Category Archives: Carols

Thoughts on “O Come, O Come, Emmanuel”

The text of the popular Advent hymn “O Come, O Come, Emmanuel” is a lyrical paraphrase of the O Antiphons, an ancient set of seven antiphons for the Magnificat (Song of Mary) sung by Christians at the Vespers services held on the last seven days before Christmas (December 17-23). Each of the O Antiphons expounds upon a name that the prophet Isaiah had given to the Messiah: 1. December 17: O Sapientia (O… Read More »

Thoughts on “O Holy Night”

Of all Christmas carols, “O Holy Night” has one of the most fascinating stories. It is a rather unlikely carol in that the poem was written by an avowed atheist (albeit one well-versed in Christian theology) and the tune composed by a practicing Jew who did not observe Christmas. It was first sung by a Parisian opera singer, but soon after church officials banned the song when it was discovered that the… Read More »

Thoughts on “O Morning Star, How Fair and Bright”

For the Twelfth and last Day of Christmas and for the Feast of Epiphany let us examine the “Queen of Chorales,” “O Morning Star, How Fair and Bright” (“Wie schön leuchtet der Morgenstern”). Composed by the Reverend Philip Nicolai (1556-1608), it is often sung as an Epiphany hymn although it can be sung on other occasions as well. For this post, I simply wish to share two settings of this hymn by… Read More »

Thoughts on “O Rejoice, Ye Christians Loudly”

The tune for the Christmas and New Year hymn “O Rejoice, Ye Christians Loudly” comes from an infectiously joyous motet by Andreas Hammerschmidt (see video below). In his motet he places exclamations of “Alleluia!” before and after the stanzas of the poem by Christian Keimann (1607-62). Bach concluded Cantata 40 for The Second Sunday of Christmas with a stirring setting of Stanza 4 of this chorale (see link at bottom of page). To see the… Read More »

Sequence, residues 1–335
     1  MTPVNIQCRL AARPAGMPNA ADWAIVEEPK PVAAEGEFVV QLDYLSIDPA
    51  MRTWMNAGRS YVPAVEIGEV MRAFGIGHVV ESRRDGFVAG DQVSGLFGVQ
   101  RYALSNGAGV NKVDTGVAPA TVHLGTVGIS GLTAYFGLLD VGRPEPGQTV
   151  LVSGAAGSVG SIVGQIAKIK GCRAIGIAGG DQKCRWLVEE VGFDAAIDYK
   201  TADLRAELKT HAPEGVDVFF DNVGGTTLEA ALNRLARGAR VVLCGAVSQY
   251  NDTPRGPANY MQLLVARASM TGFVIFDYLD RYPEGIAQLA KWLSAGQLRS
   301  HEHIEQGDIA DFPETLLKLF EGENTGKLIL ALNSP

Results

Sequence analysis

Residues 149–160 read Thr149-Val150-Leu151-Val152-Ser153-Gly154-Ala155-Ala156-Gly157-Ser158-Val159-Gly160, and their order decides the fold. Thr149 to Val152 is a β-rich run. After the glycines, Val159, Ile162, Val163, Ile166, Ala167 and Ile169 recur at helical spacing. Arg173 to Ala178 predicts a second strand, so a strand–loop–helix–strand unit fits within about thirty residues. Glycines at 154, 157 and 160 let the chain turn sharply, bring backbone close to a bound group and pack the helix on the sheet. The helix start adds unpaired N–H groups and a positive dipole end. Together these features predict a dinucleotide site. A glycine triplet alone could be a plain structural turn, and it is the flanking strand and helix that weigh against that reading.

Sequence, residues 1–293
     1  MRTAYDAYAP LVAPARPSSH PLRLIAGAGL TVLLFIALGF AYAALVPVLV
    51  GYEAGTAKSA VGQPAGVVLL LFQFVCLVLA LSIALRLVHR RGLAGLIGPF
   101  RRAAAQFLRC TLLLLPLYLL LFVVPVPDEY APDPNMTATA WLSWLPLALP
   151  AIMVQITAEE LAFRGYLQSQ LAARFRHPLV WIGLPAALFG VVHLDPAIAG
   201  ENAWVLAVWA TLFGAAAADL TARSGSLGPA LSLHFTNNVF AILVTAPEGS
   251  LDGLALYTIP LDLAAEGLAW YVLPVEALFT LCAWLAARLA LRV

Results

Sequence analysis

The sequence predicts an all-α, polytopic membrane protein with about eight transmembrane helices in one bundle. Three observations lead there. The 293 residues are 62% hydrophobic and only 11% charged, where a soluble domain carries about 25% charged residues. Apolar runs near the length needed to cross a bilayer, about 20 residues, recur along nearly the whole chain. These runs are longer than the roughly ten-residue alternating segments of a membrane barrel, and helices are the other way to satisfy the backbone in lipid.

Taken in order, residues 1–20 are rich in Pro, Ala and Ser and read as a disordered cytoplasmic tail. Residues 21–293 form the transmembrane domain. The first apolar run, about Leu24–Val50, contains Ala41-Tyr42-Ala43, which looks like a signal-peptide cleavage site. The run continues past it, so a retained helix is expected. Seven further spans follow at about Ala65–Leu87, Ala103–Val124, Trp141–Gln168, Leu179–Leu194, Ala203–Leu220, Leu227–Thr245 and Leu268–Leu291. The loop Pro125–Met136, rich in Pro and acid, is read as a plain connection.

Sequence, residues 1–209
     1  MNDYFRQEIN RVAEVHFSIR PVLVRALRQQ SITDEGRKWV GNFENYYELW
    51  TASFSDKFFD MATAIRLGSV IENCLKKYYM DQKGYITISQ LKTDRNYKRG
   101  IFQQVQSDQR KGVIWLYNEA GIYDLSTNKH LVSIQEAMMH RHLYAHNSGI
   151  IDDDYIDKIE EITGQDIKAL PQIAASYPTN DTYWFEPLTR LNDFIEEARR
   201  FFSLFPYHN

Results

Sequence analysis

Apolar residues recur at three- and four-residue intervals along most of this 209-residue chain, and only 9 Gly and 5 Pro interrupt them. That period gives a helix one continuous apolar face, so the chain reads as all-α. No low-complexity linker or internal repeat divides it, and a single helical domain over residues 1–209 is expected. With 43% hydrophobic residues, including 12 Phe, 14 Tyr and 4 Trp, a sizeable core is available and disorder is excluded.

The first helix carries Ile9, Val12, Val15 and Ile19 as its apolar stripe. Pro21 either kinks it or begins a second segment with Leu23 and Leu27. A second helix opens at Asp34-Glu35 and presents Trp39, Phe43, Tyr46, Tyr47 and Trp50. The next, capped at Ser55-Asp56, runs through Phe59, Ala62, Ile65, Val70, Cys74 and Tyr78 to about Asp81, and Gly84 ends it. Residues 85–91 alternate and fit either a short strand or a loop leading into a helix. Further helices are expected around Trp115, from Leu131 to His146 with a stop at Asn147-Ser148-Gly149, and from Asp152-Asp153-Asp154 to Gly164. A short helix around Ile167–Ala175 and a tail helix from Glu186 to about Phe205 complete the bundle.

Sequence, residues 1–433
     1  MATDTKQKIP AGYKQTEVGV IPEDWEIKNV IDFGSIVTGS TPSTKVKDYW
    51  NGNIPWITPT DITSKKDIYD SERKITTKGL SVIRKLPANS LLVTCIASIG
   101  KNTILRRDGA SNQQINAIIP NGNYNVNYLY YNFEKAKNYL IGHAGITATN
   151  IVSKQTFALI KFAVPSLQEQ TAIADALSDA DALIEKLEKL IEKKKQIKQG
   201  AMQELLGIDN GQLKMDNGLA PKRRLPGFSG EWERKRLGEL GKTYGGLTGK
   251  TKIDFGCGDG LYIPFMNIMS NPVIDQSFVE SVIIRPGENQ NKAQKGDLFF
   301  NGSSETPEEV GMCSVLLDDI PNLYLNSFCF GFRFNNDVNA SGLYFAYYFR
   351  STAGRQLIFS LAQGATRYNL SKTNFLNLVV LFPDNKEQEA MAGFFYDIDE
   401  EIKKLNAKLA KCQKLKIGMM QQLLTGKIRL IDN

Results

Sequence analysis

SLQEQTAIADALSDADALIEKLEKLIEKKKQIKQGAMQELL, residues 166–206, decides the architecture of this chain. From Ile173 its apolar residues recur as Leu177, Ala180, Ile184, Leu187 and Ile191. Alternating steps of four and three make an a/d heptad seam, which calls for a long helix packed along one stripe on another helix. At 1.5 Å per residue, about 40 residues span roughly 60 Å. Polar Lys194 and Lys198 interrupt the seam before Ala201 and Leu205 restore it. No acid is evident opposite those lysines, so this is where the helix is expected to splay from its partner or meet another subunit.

Thoughts on “Of the Father’s Love Begotten”

The thoughts below were prepared for the “Devotions on the Hymn of the Day” project of the Center for Church Music at Concordia University, Chicago. For additional devotions, click here. For a downloadable PDF version of this devotion, click here. Although many of our most popular Christmas carols are only a few hundred years old, the Christmas carol “Of the Father’s Love Begotten” takes us back a few thousand years, almost… Read More »

Thoughts on “Silent Night”

Did you know that the beloved Christmas carol “Silent Night” originally had six stanzas and not three? We know this from an original manuscript submitted by the composer Franz Gruber (1787-1863) when an official investigation was held in 1854 on the origins of the carol. Other autographs have been discovered over the years, the most recent being by the author of the text, Father Joseph Mohr (1792-1848). When comparing the English translation… Read More »

Thoughts on “The Sussex Carol”

So, here is the story behind the delightful Christmas song called The Sussex Carol. Research now shows that it was first published in 1684 by Bishop Luke Waddinge in a collection entitled A Small Garland of Pious and Godly Songs, Composed by a devout Man, For the Solace of his Friends and neighbors in their afflictions (Ghent, Belgium, 1684). This was his first year serving as the Bishop of Ferns, a small… Read More »

Thoughts on “While By My Sheep”

On the Tenth Day of Christmas, let us look at “While By My Sheep I Watched” (“Als ich bei meinen Schafen wacht’”), another beautiful early German carol of unknown origins. It is characterized by macaronic Refrain that features an echo and concludes with the Latin phrase “Benedicamus Domino!” (“Let us bless the Lord!”). It was published as early as 1615 and then again in 1623 in the Kölner Gesangsbuch (Cologne Hymnbook). Below you… Read More »